Politics

Province to transform correctional living units to ‘therapeutic treatment units’, Kenney says


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The Alberta government will announce a new initiative to turn correctional living units into therapeutic treatment spaces, says Premier Jason Kenney.

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Kenney said a large volume of inmates in correctional centres “suffer from substance abuse disorder” and a better job must be done at rehabilitation, both in the facilities and after individuals are released, the premier told the Recovery Capital Conference in Calgary on April 12.

Kenney said Minister of Justice Tyler Shandro and Minister of Mental Health and Addictions Mike Ellis will later this year announce “significant investments to transform correctional living units into therapeutic treatment units staffed with therapists alongside correctional officers.

“They’ll provide psychosocial treatment and assist in release planning to treatment facilities in the community with door-to-door transportation.”

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Postmedia reached out to the ministry of mental health and addictions for more information on the initiative, but spokesman Eric Engler said no additional details could be shared at this time.

‘Recovery has historically been neglected’: Kenney

Kenney shared the news of the announcement while speaking to the audience about the government’s efforts in expanding recovery treatment in the province. He also slammed previous governments and harm reduction approaches to the drug poisoning crisis.

“Previous governments apparently had no concept that recovery works they drained much of the funding out of the addiction care system, left beds unfunded forced people with addiction to pay for their own health care,” he said. “It made it difficult to pursue recovery because too many have not believed in the possibility of recovery.”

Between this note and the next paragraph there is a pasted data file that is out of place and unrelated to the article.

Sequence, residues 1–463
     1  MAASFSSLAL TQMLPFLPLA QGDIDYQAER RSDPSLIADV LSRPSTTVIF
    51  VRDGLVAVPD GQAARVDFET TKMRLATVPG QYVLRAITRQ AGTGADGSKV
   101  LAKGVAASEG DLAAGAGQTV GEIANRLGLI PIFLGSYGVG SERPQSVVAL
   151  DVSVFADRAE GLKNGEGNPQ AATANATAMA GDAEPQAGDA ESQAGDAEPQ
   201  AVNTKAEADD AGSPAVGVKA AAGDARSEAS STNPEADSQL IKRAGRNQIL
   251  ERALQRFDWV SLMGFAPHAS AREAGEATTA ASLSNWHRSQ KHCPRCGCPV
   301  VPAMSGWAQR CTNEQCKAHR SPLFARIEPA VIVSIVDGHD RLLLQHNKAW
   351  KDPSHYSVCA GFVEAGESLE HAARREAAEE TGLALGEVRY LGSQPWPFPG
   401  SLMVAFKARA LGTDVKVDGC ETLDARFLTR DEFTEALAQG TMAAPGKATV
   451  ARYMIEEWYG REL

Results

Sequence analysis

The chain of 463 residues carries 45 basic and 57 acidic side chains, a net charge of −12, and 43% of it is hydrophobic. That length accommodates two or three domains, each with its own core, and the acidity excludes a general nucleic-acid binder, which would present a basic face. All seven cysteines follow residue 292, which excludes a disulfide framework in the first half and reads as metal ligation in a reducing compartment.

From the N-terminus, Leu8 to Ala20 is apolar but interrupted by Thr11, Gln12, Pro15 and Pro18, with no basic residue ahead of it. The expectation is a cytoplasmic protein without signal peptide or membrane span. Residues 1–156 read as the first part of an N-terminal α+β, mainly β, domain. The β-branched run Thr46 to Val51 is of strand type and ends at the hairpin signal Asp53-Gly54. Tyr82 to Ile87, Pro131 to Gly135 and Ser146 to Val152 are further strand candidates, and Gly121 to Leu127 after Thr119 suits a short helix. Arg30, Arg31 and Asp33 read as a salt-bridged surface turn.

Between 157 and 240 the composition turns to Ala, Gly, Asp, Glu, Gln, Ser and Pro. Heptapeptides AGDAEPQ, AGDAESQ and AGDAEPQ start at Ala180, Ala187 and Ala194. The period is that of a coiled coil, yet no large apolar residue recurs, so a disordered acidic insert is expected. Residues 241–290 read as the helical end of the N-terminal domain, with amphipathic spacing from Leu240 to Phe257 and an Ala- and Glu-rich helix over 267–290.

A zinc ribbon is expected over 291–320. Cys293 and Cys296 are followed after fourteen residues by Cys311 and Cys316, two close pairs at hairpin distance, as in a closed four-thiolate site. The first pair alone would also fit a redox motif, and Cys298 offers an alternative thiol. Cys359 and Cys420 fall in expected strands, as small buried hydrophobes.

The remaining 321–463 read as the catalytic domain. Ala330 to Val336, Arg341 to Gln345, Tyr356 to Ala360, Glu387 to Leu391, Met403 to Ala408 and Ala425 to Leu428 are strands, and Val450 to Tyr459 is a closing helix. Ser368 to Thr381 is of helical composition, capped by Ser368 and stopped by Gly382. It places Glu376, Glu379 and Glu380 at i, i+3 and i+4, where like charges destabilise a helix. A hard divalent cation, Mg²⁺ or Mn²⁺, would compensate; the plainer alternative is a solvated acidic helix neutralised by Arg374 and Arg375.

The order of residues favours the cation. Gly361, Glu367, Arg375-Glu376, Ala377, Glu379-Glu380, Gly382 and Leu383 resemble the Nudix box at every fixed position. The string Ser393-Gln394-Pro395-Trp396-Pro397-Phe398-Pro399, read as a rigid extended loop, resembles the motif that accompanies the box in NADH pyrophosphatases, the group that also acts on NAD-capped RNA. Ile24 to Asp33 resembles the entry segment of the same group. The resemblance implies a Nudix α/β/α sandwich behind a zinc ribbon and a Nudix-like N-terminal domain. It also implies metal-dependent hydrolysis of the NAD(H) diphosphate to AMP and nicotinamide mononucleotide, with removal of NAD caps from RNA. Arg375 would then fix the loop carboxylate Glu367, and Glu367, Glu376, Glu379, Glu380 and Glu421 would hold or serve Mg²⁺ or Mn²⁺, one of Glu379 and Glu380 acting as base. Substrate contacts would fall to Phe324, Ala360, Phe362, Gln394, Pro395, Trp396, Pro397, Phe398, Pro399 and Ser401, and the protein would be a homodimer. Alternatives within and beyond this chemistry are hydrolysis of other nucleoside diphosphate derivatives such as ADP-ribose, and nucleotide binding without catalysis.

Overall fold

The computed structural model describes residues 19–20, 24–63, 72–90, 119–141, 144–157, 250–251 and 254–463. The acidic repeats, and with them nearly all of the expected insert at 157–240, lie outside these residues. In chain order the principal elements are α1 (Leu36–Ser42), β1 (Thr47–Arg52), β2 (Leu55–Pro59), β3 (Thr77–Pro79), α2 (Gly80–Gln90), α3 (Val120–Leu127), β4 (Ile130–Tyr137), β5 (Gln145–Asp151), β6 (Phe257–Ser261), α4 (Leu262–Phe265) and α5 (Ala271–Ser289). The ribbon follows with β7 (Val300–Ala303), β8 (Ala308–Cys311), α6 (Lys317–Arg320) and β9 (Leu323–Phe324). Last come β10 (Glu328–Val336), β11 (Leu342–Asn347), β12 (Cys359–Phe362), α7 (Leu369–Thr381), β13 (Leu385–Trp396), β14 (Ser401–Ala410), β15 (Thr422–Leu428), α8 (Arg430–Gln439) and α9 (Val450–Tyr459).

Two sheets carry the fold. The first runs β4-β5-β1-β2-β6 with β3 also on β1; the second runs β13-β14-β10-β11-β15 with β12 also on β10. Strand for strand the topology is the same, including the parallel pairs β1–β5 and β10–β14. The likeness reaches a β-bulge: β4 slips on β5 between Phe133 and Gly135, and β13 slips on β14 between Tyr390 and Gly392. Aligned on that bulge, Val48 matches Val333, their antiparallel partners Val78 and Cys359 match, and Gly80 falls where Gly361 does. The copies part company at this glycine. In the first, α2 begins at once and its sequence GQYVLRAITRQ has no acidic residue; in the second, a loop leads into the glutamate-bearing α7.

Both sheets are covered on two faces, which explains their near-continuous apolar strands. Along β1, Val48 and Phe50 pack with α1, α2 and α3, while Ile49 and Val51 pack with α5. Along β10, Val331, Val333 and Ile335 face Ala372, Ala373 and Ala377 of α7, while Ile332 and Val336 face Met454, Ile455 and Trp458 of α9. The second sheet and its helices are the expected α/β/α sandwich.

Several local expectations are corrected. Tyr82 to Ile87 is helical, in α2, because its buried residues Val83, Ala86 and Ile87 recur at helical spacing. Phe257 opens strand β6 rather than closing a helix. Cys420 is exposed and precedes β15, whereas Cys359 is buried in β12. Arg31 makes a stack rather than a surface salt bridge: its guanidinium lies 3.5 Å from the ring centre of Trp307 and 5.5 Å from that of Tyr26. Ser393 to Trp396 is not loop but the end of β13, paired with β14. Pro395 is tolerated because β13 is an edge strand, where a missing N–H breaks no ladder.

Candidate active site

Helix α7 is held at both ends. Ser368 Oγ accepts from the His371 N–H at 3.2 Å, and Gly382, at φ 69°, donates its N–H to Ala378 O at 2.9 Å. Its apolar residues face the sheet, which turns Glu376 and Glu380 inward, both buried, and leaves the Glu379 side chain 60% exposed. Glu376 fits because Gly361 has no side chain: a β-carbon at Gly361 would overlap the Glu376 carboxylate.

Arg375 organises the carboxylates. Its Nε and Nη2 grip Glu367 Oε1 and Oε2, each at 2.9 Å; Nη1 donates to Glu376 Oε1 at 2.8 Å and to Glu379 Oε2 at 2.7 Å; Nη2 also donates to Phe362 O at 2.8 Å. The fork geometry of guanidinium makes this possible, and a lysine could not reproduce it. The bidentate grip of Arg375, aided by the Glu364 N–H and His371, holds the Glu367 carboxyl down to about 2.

“Recovery has historically been neglected by policymakers and the healthcare system in favour of a new system focused sometimes completely it seems on addiction management, on normalizing dangerous drug use and what I would call pathological altruism.”

Kenney detailed his government’s efforts in expanding the virtual opioid dependency program, providing funding for treatment spaces, eliminating user fees, and building five new long-term therapeutic communities.

“These facilities will add an additional 30 per cent to our total provincial capacity and in time will move us a great distance towards eliminating waitlists,” Kenney said.

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The province will also begin implementing the My Recovery Plan system aimed at linking addiction services together and providing a place for tracking and understanding waitlists, capacity and space utilization.

“This is an important initiative as we move Alberta’s system toward an outcomes-based model, a model that is based on the outcome goals, hopes and recovery dreams of individuals and their families,” Kenney said. “Not the goals of bureaucrats, politicians, activists or the media.”

Kenney said the province envisions an accessible, recovery-oriented system of care focused on individual strengths and goals.

“The opioid crisis that has tragically only gotten worse as a direct result of the COVID 19 pandemic and the related restrictions is a trend that we’ve seen across Canada. It’s not unique to us,” he said.

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“Each life lost to addiction is a tragedy. We owe it to those we’ve lost to provide more and better access to treatment so that no Albertan is left without the hope of recovery.”

ajunker@postmedia.com

Twitter.com/JunkerAnna


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